OSHA’s getting serious — enforcement serious — about coronavirus and the workplace

On Friday, OSHA announced that it had launched a “national emphasis program” to protect high-risk workers from COVID-19 hazards.

Ok, OSHA, you have our attention.

According to OSHA’s Principal Deputy Assistant Secretary of Labor, “This program seeks to substantially reduce or eliminate coronavirus exposure for workers in companies where risks are high, and to protect workers who raise concerns that their employer is failing to protect them from the risks of exposure.”

How, you ask? OSHA plans to accomplish these goals by “focusing enforcement efforts on companies that put the largest number of workers at serious risk of contracting the coronavirus.”

Translation: NEP inspections, either onsite, remote, or some combination, including some follow-up inspections of worksites inspected in 2020.

Another OSHA bugaboo is retaliation. Specifically, the program “prioritizes employers that retaliate against workers for complaints about unsafe or unhealthy conditions, or for exercising other rights protected by federal law.”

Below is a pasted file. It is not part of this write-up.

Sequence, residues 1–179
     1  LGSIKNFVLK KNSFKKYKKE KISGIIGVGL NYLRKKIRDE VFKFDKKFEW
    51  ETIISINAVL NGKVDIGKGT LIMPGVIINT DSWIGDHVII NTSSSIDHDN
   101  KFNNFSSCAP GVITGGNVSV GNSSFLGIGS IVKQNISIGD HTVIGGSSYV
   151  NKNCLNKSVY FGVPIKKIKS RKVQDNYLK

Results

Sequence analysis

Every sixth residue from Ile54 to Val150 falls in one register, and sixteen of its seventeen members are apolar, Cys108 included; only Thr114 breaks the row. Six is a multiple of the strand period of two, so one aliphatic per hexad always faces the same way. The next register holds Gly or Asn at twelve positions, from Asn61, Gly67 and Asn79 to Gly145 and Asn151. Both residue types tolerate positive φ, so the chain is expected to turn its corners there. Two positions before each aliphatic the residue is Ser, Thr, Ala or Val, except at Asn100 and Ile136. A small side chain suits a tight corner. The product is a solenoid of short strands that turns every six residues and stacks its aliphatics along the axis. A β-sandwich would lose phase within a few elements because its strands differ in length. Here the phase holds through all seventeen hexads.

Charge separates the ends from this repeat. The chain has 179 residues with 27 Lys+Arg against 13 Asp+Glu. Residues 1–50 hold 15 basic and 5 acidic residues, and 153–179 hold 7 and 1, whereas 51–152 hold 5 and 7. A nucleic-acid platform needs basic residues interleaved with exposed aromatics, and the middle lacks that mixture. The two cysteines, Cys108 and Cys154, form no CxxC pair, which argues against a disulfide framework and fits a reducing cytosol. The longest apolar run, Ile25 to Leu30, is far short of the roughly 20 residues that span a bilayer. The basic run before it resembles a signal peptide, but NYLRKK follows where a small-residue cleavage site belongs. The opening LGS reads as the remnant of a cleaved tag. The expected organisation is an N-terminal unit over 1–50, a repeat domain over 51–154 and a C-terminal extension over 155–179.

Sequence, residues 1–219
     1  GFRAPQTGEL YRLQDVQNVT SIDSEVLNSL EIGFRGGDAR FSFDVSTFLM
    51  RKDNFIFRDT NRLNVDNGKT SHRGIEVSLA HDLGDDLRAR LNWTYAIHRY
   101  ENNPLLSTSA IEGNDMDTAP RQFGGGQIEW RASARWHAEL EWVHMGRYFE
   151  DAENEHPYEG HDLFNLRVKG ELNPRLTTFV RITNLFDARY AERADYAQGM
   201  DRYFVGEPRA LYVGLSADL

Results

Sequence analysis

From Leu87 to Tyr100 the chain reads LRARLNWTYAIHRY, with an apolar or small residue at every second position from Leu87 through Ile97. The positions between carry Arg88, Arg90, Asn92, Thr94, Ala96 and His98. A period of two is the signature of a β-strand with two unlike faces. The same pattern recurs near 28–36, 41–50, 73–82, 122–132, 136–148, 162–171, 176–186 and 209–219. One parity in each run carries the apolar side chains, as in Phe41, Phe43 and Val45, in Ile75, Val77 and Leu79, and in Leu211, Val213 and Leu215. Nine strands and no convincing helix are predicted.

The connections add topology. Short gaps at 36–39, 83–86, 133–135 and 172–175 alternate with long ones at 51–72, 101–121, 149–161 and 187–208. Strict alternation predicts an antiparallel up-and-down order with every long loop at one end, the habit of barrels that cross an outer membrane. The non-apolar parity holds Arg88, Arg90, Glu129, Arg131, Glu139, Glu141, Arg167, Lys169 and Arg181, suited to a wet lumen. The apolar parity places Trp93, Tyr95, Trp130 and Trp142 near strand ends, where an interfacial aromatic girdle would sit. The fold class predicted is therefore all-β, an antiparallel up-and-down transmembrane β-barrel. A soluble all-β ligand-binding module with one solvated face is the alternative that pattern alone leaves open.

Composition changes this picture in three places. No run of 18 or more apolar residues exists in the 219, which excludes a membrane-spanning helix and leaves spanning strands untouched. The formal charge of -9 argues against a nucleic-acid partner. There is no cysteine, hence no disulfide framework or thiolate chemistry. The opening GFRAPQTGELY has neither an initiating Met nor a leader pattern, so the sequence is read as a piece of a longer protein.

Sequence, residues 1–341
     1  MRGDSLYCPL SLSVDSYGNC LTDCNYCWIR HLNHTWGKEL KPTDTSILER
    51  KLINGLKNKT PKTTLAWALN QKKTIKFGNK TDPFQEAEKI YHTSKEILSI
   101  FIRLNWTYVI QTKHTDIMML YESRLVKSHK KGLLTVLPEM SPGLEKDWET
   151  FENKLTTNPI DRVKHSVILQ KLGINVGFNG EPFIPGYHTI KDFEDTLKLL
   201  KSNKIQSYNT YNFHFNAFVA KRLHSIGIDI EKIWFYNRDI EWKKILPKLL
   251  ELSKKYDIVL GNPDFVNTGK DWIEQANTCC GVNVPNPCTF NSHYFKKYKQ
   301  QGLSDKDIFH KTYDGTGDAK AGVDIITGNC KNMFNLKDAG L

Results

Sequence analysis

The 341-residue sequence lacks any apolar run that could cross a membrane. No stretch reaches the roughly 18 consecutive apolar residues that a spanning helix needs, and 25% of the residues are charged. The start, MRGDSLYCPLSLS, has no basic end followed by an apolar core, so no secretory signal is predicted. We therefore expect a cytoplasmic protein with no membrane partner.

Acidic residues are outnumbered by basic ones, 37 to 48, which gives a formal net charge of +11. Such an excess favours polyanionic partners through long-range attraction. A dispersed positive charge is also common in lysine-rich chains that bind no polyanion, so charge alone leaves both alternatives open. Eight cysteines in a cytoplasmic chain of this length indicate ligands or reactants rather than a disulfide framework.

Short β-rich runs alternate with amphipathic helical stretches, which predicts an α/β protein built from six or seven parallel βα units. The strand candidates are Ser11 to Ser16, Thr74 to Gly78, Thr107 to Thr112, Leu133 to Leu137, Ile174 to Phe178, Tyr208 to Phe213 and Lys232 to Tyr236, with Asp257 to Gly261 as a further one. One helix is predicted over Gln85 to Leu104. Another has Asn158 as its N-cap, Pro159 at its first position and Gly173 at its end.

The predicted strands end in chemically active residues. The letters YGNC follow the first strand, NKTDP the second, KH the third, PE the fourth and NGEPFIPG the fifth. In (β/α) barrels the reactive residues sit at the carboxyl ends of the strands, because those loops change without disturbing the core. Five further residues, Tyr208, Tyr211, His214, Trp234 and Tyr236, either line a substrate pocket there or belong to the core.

The program will remain in effect for up to a year, although OSHA can extend it, if necessary.

Employer takeaways.

Keep your eye on the prize. Some states are relaxing the rules on masks, social distancing, PPE, etc. That’s all well and good until you realize that OSHA doesn’t give a you-know-what about that states do. The best practice to keep your nose clean is to follow CDC guidelines and other OSHA mandates on workplace safety.

Another best practice — wait for it — is to register here for The Employer Handbook Zoom Office Hour, which will take place on Friday, 3/19 at Noon ET. My special guest David Miklas and I will discuss these new OSHA mandates, how to handle FFCRA leave under the American Rescue Plan, and do a lot of audience Q&A. (If you’ve got questions for Friday’s Zoom, email them to me. You’ll be first in the queue.)

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